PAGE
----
Related Reading: Best Canadian Stocks: Top Picks for 2022

Top Gold ETFs in Canada

So, which gold ETFs can you choose from? We’ll get you started with our top three favorites, two backed by physical gold and the other by gold mining companies.

1. iShares (BlackRock)

CGL has a long, proven track record of returning the same investment performance of gold while saving you the fees. Still, its expense ratio of 0.55% is considered high across other options. This ETF manages a neat $922 billion, offering shares since 2009.

  • Stock price at time of writing: $14.83
  • Investment: Gold Bouillon
  • Expense ratio: 0.55%
  • Ticker: CGL/CGL-C

2. BMO Equal Weight Global Gold Index ETF

This ETF is an investment in gold mining companies rather than physical gold bullion. High risk, high reward — gold mining stocks are super sensitive to any price fluctuation in physical gold.

  • Stock price at time of writing: $67.75
  • Investment: Global Gold Miner Stock
  • Expense ratio: 0.61%
  • Ticker: ZGD.TO

3. Purpose Gold Bullion Fund

Purpose Investments offers this ETF backed by gold bullion as well as gold certificates, the latter of which might pose more risk. Still, the low expense ratio makes it an attractive option. 

  • Stock price: $27.40
  • Investment: Gold Bullion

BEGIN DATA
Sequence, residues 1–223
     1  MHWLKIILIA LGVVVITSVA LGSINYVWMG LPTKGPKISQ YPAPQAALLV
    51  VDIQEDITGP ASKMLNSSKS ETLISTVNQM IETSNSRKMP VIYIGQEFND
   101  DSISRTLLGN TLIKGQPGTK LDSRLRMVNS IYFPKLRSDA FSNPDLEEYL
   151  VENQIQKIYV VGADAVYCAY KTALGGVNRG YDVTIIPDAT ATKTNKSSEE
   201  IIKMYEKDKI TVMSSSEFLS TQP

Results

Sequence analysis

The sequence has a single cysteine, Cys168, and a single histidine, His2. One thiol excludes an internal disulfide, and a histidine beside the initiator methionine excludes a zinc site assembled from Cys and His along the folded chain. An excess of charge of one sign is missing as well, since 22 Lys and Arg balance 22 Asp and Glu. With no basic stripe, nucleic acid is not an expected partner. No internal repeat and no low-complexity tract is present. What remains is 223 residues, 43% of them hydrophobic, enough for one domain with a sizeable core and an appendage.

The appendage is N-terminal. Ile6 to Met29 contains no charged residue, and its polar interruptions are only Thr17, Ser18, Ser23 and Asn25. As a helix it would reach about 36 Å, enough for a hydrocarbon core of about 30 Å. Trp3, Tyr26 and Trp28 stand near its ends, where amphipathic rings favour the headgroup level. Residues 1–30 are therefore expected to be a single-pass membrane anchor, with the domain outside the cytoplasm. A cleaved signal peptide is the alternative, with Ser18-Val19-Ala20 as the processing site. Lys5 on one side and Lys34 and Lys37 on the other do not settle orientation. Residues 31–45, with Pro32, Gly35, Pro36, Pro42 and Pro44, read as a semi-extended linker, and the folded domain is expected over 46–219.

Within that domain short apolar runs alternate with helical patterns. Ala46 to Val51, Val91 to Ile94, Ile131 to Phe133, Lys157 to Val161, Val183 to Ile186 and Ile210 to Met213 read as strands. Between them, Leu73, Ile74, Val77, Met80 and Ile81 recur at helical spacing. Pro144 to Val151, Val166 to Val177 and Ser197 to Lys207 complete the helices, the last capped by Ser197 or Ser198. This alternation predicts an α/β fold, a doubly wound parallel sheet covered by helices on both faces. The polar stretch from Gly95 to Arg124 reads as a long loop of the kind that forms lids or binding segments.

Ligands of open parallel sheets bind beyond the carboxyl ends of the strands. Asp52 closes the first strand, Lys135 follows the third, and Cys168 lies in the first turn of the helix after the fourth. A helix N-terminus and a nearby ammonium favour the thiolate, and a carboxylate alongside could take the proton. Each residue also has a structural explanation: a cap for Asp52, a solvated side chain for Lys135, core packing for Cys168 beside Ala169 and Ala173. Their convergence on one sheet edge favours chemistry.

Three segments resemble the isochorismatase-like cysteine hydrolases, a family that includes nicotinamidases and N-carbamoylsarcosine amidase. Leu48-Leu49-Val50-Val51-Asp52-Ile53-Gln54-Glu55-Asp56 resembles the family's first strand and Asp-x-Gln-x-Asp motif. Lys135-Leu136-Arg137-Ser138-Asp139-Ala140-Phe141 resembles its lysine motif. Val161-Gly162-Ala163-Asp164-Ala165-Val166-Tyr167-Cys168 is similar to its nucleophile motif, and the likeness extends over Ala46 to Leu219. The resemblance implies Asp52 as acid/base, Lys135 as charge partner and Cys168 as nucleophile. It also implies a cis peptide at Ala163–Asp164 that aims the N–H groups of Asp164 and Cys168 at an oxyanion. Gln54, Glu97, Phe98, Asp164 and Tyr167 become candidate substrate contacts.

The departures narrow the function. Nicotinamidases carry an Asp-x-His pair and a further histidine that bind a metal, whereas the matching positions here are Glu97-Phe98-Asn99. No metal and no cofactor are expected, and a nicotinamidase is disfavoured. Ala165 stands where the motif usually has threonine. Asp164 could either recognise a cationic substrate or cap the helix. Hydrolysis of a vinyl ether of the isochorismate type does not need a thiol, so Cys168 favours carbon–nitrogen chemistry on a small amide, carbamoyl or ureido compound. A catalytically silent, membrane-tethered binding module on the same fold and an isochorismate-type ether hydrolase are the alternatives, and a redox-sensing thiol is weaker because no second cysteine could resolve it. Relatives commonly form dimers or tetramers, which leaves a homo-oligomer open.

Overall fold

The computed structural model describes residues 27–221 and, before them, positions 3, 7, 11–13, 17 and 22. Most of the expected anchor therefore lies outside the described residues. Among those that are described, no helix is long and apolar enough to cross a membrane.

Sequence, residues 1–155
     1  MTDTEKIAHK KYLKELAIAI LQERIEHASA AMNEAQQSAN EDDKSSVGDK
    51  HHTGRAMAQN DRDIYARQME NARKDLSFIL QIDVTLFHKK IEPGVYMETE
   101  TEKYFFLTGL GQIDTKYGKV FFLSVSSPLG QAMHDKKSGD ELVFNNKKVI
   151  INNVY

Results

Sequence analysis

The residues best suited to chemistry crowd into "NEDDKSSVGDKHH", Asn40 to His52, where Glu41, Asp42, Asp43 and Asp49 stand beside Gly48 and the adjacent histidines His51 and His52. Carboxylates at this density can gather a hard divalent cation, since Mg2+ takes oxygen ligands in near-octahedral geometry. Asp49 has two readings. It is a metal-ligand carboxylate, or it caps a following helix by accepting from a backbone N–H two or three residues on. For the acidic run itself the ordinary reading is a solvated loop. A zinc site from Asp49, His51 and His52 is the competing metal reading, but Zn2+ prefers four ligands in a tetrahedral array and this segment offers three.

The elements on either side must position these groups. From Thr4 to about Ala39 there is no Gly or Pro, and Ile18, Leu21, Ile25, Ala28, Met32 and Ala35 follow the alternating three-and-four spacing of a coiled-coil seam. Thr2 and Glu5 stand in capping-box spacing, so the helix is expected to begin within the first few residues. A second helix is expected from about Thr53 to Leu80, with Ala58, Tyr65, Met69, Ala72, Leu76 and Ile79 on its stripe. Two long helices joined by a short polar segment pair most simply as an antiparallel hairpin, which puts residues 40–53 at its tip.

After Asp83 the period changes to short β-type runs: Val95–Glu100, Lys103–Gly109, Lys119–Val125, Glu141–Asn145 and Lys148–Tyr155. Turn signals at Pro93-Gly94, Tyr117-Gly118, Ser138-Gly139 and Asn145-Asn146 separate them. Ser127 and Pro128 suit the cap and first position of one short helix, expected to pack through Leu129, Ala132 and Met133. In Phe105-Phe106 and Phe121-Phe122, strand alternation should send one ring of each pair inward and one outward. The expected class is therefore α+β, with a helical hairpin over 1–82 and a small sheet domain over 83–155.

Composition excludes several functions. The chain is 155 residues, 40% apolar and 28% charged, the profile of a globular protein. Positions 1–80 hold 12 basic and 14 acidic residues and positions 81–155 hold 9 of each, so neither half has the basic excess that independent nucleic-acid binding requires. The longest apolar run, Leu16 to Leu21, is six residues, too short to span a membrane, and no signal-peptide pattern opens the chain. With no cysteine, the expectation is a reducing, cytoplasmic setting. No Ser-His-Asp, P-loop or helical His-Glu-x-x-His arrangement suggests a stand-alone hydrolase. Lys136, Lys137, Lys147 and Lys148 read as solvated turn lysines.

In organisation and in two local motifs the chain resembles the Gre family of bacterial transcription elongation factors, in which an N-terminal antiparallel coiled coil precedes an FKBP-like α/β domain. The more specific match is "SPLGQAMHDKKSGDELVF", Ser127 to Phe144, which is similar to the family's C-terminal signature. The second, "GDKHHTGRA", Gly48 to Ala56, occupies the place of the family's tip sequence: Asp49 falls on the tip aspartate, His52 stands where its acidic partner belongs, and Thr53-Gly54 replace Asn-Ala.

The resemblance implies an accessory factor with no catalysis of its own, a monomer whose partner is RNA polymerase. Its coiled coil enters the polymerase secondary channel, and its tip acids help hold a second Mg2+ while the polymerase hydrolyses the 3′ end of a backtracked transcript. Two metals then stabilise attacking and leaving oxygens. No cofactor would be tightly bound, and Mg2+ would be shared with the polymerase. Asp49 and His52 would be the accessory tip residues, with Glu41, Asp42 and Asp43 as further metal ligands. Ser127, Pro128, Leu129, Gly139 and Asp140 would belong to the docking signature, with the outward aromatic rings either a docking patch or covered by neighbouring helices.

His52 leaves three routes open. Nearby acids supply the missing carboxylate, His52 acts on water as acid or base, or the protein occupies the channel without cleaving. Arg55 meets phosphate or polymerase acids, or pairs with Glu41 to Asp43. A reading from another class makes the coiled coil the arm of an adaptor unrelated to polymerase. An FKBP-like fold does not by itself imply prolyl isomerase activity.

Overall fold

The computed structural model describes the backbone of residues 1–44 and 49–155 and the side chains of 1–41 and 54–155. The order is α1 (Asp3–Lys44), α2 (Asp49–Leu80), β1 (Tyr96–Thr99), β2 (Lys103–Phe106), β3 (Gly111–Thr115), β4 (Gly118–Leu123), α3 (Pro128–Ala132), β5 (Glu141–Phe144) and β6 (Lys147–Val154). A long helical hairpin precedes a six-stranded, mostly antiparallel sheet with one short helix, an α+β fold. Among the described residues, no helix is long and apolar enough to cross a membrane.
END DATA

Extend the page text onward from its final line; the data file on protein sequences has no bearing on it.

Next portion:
• Expense ratio: 0.25%
  • Ticker: KILO.TO/KILO-B.TO

Of course, you have other options outside of these. No matter which you choose, look out for these qualities in Gold ETFs:

  • Long track record: It’s easier to assess the performance of a Gold ETF established in 2009 than in 2019.
  • Management expense ratio: Many lower-risk gold ETFs have MERs of under 0.5%.
  • Gold bullion over gold mining companies: Depends on your risk tolerance – but gold bullion-backed ETFs will perform better in an economic downturn.

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Related Reading: 7 Best Gold Stocks in Canada

What are the disadvantages of gold ETFs?

We mentioned the degraded ownership with ETFs earlier in this article. But perhaps the strongest drawback to ETFs is the lack of control, at least when compared to physical gold.

Gold ETFs make you susceptible to the risk of counterparty actions on your investment, forcing you to assume the custodian’s competence and integrity. Forbes reminds us of HSBC, one of the world’s top banks, and its subsequent scandals with money laundering and countless broken laws. While gold bullion ETFs are backed by physical gold, plenty of others aren’t, making them higher-risk investments. Yes, you might earn more money with a higher risk investment, but you could also lose everything.

Additionally, Gold ETFs fluctuate more in the stock market than physical gold does in value. Physical gold has also demonstrated a more profound growth historically.

Where to buy gold ETFs

You can buy and sell gold ETFs on any stock exchange where the investments are listed using your online trading account. The Toronto Stock Exchange is a good place to start. Or, you can have an investment or wealth manager purchase them on your behalf.

Related Reading: How to Buy Stocks

Should I buy physical gold or gold ETFs?

Gold ETFs offer more convenience and save you from liquidity, storage, and verification costs. However, physical gold offers more security in times of economic downturn, despite requiring a larger upfront investment. At the end of the day, the option you choose depends on your financial goals, risk tolerance and budget — good luck on your gold investing journey!

Read More: Best Canadian ETFs for 2022